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Chapter 6

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PSYC 3490
Nadiah Habib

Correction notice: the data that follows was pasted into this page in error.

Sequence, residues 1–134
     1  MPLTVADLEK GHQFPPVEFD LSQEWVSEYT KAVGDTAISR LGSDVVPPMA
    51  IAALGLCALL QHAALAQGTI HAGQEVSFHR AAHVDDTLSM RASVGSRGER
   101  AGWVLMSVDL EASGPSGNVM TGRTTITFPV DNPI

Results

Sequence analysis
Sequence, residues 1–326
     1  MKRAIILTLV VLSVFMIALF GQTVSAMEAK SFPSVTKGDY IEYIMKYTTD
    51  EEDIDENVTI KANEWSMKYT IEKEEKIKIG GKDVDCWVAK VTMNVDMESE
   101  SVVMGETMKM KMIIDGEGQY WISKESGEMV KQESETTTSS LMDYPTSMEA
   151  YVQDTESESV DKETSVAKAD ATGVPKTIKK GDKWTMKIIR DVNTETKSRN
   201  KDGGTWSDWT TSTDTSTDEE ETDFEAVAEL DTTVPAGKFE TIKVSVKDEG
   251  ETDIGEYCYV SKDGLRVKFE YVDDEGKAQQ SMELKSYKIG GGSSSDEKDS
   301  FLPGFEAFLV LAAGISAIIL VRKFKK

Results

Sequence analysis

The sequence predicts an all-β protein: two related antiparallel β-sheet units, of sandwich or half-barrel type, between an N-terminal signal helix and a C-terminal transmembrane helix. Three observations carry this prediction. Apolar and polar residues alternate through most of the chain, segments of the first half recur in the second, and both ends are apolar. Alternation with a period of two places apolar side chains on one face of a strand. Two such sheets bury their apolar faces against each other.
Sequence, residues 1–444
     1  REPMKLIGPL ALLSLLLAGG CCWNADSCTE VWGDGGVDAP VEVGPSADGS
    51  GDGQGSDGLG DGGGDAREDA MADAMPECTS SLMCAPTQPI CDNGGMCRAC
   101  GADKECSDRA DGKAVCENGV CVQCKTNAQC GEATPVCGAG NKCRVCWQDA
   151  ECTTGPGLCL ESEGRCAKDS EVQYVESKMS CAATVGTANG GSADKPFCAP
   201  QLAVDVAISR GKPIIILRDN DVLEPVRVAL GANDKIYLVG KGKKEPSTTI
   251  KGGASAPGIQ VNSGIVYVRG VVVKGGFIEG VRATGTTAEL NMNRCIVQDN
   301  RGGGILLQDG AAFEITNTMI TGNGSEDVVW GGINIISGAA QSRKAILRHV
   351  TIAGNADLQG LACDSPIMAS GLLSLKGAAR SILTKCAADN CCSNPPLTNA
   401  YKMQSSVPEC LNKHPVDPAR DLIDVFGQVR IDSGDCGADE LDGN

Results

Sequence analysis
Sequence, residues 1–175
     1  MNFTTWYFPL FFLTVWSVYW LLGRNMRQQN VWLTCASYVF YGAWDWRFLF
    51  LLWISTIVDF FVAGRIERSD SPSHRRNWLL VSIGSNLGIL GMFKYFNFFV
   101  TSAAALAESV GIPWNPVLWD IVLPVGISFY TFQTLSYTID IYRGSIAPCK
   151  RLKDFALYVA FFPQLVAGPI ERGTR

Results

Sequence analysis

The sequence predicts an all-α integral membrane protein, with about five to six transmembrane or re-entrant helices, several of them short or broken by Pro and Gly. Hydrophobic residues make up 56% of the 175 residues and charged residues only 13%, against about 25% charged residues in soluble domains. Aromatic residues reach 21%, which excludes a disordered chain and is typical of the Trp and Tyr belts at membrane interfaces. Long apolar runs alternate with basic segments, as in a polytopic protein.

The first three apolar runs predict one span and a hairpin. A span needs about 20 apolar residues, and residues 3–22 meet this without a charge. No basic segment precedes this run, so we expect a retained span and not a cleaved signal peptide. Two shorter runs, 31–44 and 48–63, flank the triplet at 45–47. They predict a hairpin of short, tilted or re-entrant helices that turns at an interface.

Chapter 6  • Social constructionist approach: we construct or invent our own versions of reality, based on prior experiences, social interactions, and beliefs (focuses on language as a mechanism for categorizing our experiences) • Several factors related to the social setting have an important influence on the size of the gender differenes in social and personality characteristics: 1. Gender differences are usually largest when other people are present. For instance, women are especially likely to react positively to infants when other people are nearby. 2. Gender differences are generally largest when gender is prominent and other shared roles are minimized. For example, at a singles’ bar, a person’s gender is very relevant, so gender differences are likely to be large. In contrast, at a professional conference of accountants—where men and women have the same occupations— the work role will be emphasized, and gender differences will be relatively small. 3. Gender differences are usually largest when the behavior requires specific gender- related skills. For example, men might be especially likely to volunteer to change a tire or perform a similar skill traditionally associated with men in our culture. Communication Patterns -nonverbal: refers to all forms of human communication that do not focus on the actual words (tone of voice, facial expression, and ever how far you stand from another person) Verbal Communication  -women and men are fairly similar in their patterns of verbal communication TALKATIVENESS -studies show no substantial gender differences in the length of college students’ conversations with their friends, their oral description, and their written descriptions of vivid memories -in other research, males are more talkative than females -overall, research shows mixed results, but it does not support the “talkative female” stereotypes INTERRUPTIONS -researchers examine intrusive interruption and find that men tend to interrupt more frequently than women do LANGUAGE STYLE -social setting can be important, for example, hesitant speech was used rarely used when talking to person of the same gender THE CONTENT OF LANGUAGE -women and men were equally likely to talk about four categories of topics (a person of the other gender, a person of the same gender, academic issues, and jobs) -only difference was that men were likely than women to talk about sports Nonverbal Communication  PERSONAL SPACE -refers to the invisible boundary around each person—a boundary that other should not invade during ordinary social interactions -women have smaller personal-small zones than men BODY POSTURE -men use more personal space, and their own postures require greater physical space VISUAL GAZE -research shoes females typically gaze more at their conversations partners than males do -people gaze at females more than they gaze at males FACIAL EXPRESSION -women smile more than men do, in meta-analysis d=0.41 -Algoe and her colleagues study of looking for emotions in males and females pictures DECODING ABILITY -refers to your skill in looking at another persons’ nonverbal behavior and figuring out what emotion that person is feeling -research shoes females are more likely than males to decode nonverbal expressions accurately -Figure 6.2: women were significantly more accurate than men in decoding voices that expressed fear, happiness, and sadness, small but consistent gender differences Potential Explanations for Gender Differences in Communication  -Specifically, men often talk more, interrupt more, have larger personal-space zones, use more relaxed postures, gaze less, and smile less -Men also tend to be less skilled at decoding other people’s facial expressions POWER AND SOCIAL STATUS EXPLANATIONS -researchers argue such as Marianna LaFrance argue that the most effective explanation for gender differences in communication is that men have more power and social status in our culture -also, argue that low power individuals must be especially attentive to powerful individuals so they can respond appropriately SOCIAL LEARNING EXPLANATIONS -Hall and colleagues argue that our culture provides roles, expectations, and socialization experiences that teach males and females how to communicate -social learning approach, children are reinforced for behavior that is consistent with their gender, young girl may be told “let’s see a smile on that face” Characteristics Related to Helping and Caring  -helpfulness actually includes both the high-visibility activities that are stereotypically masculine and also the less visible activities that are stereotypically feminine Altruism -means providing unselfish help to others who are in need, without anticipating any reward -gender similarities are common, although men are more helpful on tasks that are physical dangerous or require expertise in a traditionally masculine area -heroism, defined as risking one’s life for the welfare of other people (9% of Hero Medal recipients were female), meanwhile 57% of “living kidney donors” were women, hence women are somewhat more likely than men to undergo pain and potential medical problems, in order to help another person -Alice Eagly believes that pattern of gender differences in helpfulness can be explained by social roles (a social role refers to a culture’s shared expectation about the behavior of a group that a occupies a particular category such as social category of “men”) Nurturance -kind of helping in which someone gives care to another person, usually someone who is younger or less competent -stereotype suggests that women are more nurturant than men, Blakemore studied preschool girls and boys and found that girls re often higher than boys on measures of nurturance and interactions with a baby, although some preschool boys can overcome the stereotypes Empathy -you show empathy when you understand the emotion that another person is feeling, you exp